As long as you arrive somewhere between 9-10 PM, you should have your pick of options. Even if you arrive at five minutes before midnight, you will absolutely find a great standing viewing place anywhere.

  • Before 9 PM, you can get a table and seat anywhere and will find plenty of standing room east and west of the Clocktower.
  • By 10 PM, you can get a table easily at the Phisit Sa Nguan Alley block party. You might not get a table at every bar, but there is plenty of standing space. You might struggle to find a table east of the Clocktower on the main road, but there is plenty of standing room on either side of it.
  • By 11:30, there are still a handful of tables at the Phisit Sa Nguan Alley block party. The bars are pretty full, but you could still get in. Standing space is tight near the main stage West of the Clocktower, but you can easily fit in pretty close to the front. There is still plenty of space right up to the Clocktower on the east side.

Note: I was not at the Night Bazaar, so I can’t speak to what time that area fills up.

Food & Drinks

In this section, I am referring to prices from festival vendors only (along the main road near the Clocktower and Phisit Sa Nguan Alley). The Night Bazaar, bars and restaurants all offer their normal pricing and menus.

Street food prices were a little more expensive than we’d seen the night before at the night walking street, but still completely reasonable. We typically aim to spend about 30 TBH on vegetarian Pad Thai from a street vendor. There were vendors east of the Clocktower selling seafood Pad Thai for 60 Baht. Unfortunately, there was no price break for vegetarian (we just asked for no seafood in ours), but it was a reasonable price if you were eating the seafood.

New Year's Eve in Chiang Rai, Thailand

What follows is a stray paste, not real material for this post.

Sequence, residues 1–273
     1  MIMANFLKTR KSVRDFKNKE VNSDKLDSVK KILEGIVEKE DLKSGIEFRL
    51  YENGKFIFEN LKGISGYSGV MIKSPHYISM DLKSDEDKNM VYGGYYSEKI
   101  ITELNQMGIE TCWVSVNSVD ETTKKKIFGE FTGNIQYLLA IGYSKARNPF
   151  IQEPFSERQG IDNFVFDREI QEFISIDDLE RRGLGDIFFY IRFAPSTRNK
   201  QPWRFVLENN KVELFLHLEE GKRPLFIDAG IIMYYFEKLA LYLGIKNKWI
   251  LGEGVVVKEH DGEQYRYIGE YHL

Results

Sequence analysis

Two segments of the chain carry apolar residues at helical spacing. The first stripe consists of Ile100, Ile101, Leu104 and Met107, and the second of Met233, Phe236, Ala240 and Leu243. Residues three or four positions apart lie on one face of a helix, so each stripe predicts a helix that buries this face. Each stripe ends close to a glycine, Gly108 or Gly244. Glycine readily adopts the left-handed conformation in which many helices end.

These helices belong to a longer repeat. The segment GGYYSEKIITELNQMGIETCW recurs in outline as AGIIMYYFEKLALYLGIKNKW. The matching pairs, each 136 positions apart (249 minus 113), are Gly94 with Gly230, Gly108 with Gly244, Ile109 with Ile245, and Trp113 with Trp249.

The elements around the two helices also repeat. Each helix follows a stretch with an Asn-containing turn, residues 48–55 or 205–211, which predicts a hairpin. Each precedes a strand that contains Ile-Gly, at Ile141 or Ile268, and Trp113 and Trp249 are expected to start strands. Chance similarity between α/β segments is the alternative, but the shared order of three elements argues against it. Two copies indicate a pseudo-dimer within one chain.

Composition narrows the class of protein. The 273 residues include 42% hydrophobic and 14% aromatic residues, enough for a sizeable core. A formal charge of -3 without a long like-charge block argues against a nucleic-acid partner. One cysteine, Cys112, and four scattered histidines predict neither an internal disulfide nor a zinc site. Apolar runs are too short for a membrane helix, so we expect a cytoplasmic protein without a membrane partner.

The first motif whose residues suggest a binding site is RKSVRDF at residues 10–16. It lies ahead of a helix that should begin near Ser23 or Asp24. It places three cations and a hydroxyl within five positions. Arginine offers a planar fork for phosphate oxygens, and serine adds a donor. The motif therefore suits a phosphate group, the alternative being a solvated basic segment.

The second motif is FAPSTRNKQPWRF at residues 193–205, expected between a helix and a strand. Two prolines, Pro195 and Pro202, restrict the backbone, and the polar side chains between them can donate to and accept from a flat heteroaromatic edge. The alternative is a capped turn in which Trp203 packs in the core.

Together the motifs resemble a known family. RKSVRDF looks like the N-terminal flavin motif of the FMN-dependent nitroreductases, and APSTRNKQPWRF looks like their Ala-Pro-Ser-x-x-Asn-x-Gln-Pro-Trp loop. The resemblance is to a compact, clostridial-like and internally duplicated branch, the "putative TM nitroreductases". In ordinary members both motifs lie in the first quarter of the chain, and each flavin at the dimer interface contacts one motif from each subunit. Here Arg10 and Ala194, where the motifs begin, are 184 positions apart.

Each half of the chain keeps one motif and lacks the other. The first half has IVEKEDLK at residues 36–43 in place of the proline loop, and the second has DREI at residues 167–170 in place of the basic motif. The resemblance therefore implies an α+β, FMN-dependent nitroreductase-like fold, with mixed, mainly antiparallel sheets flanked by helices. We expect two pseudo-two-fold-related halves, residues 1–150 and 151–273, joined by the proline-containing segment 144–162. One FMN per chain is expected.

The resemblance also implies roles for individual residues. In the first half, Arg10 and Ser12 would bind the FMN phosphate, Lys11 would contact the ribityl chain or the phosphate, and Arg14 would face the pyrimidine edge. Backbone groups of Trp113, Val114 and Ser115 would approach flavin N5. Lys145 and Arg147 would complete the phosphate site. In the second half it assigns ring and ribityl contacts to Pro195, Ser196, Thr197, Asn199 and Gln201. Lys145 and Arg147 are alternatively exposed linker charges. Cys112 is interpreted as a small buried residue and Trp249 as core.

The beer market at the festival was entirely dominated by Chaang. There were Chaang booths east and west of the Clocktower, as well as the entire Chaang festival along Phisit Sa Nguan Alley. The prices at all the booths were the same and seemed on par with what we’d seen elsewhere in Chiang Rai and Thailand.

New Year's Eve in Chiang Rai, Thailand

Be sure to pay attention to the prices and sizes, though. You could get a jug for 150 TBH, but this only came out to about three cups of beer. Meanwhile, cans were only 40 TBH and for only 120 TBH, you got four cups of beer. You could also get a tower for 450 TBH, but we’re not sure how the price break came out on that.

Lantern Release

If you have Tangled-style dreams of a lantern-filled sky on New Year’s Eve, go to Chiang Mai (there is a short bus route between Chiang Mai and Chiang Rai). While I’d see pictures and videos of huge lantern releases in Chiang Rai near the clocktower at midnight, this was not our experience. We did see occasional clusters of lanterns in the sky throughout the evening, but there wasn’t a huge release. I’m not sure if they didn’t allow lanterns on the main street because of the crowds or what, but we did not see any lanterns released from near the clocktower.

If you’re looking for lanterns, you’ll want to head to the Night Bazaar. At midnight, you’ll see the largest burst of lanterns heading to the sky from this area. We arrived at the Night Bazaar food stalls around 12:15 (after chasing down the lanterns which seemed to be going up from the area). There was at least one vendor selling lanterns at this time. Be sure to keep your eyes open, because the lanterns are flat before they’re lit, so they won’t pop out at you as much as you think they will. I almost walked right past the girl selling them!

The lantern only cost 30 TBH (I was prepared to spend at least 100!) and they lit it for us after we purchased it. The lanterns are actually huge and get really hot. Be sure to have your wish ready and your photo plan prepared before lighting your lantern. Hold the lantern up at the top so the paper part doesn’t catch on fire before it fully inflates.

New Year's Eve in Chiang Rai, Thailand

Make a wish and watch it fly.

A Perfect Itinerary

As I mentioned before, I had a perfect New Year’s Eve in Chiang Rai. I hope one day your journey brings you to Chiang Rai and you find it just as magical! Here’s how I’d recommend spending your New Year’s Eve in Chiang Rai.

  • 8 PM: Head to the main road and peruse the street vendors for your dinner of choice.
  • 9 PM: Make your way to the Phisit Sa Nguan Alley block party for a few rounds of Chaang and watch the band (who I swear don’t take breaks!).
  • 11 PM: Head to the Clocktower on the east side for some photos and people watching.
  • 11:30 PM: Grab a Chaang from a street vendor as you make your way to a spot on the west side with a view of the main stage.
  • Midnight: Listen to the countdown in Thai and watch the fireworks and confetti blasts as you kiss your sweetheart.
  • 12:05 AM: Scoot on over to the Night Bazaar before it winds down and get your hand on a lantern. Make a wish and send it to the stars.

New Year's Eve in Chiang Rai, Thailand

Happy New Year!